Food for thought


Everyone has an ideal childhood in their imaginations. Does anyone in real life? Sometimes I wonder how many people are hiding things from their past. From their childhood. I know there is this new trend where people blame all their problems on childhood. My parents always warned me not to fall for that trap. If you had a problem it was something you needed to take care of without trying to find someone or something else to blame it on. I agree with them, in one way – but sometimes I think that this new “trend” is accurate in some ways. One’s childhood – one’s past – does affect one’s current life. Sometimes it is based on decisions made by the individual himself, sometimes decisions made by his parents.

I still fear some things, still shudder when I hear certain sounds, still love certain scenes because of things from my past. I make decisions today based on my experiences from the past. Either good or bad. Who I am, who I have become today, is influenced directly by my childhood, my experiences, my memories associated with it. I love tea because I associate it with friends, relaxation in a busy time, and the books that kept me company in the woods when I lived with my dreams. I panic when I watch psychological movies (a.k.a. A Beautiful Mind) because I’ve seen my father go through hallucinations in real life, and it was frightening. I became interested in government because of stories about homeschoolers becoming persecuted–homeschoolers like me. I hate working in healthcare because I’ve worked in it for years with a disabled father and needing to make money for my family. Who you become is directly influenced by your past. Problems you need to work through are often associated with childhood for a reason.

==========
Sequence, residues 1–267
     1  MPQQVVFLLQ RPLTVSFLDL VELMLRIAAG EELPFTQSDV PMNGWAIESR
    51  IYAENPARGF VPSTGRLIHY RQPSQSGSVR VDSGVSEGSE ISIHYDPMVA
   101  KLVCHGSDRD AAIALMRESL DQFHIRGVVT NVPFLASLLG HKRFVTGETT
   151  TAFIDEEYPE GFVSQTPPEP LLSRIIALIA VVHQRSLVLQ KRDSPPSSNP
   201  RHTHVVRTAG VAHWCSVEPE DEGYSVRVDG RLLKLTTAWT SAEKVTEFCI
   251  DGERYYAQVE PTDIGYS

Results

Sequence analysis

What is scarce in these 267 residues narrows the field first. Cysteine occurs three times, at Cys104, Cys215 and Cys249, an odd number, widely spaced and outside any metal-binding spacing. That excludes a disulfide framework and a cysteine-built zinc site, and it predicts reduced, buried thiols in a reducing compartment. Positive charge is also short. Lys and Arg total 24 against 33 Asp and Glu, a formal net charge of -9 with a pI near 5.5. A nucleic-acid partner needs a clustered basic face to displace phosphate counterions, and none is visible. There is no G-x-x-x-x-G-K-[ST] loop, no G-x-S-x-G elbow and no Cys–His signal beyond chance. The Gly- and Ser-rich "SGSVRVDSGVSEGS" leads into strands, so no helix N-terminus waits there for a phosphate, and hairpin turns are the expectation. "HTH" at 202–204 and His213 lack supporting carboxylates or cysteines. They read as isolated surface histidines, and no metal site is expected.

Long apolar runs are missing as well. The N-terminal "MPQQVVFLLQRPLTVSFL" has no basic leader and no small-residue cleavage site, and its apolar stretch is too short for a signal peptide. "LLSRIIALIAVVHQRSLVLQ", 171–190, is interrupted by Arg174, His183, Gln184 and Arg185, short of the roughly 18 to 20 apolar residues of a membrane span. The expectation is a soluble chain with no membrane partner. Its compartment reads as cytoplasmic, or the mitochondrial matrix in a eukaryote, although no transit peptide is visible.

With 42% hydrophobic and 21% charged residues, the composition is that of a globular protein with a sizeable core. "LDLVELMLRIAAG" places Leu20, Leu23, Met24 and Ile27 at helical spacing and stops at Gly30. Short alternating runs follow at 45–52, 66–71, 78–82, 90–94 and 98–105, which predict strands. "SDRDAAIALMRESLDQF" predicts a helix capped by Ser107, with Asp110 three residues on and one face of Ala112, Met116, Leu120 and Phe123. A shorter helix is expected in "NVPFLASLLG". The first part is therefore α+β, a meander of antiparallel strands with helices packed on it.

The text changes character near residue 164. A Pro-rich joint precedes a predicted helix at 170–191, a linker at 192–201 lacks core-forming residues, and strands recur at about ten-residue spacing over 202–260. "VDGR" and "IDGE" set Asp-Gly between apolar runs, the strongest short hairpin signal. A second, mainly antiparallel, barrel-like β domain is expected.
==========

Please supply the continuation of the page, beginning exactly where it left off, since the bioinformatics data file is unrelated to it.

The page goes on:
That being said, that doesn’t mean that problems should be blamed on your parents, or past events, and then left to rest  on someone else’s shoulders. It doesn’t mean that you should become angry or bitter or decide nothing can be done because of it. No matter what a memory, a problem, anything, stems from, it becomes yours to deal with or not deal with. If you choose to become bitter over something, God in the end will ask you about it, not the event over which you became bitter, because you decided not to do anything about it. We have a God who has offered, actually volunteered, to take on our problems, our bad memories, our bitterness. Whether or not we take Him up on that offer is up to us.

So in the end, we can’t blame things on the past or on a bad childhood – because no matter where it stemmed from, it is our choice whether or not it is dealt with now.

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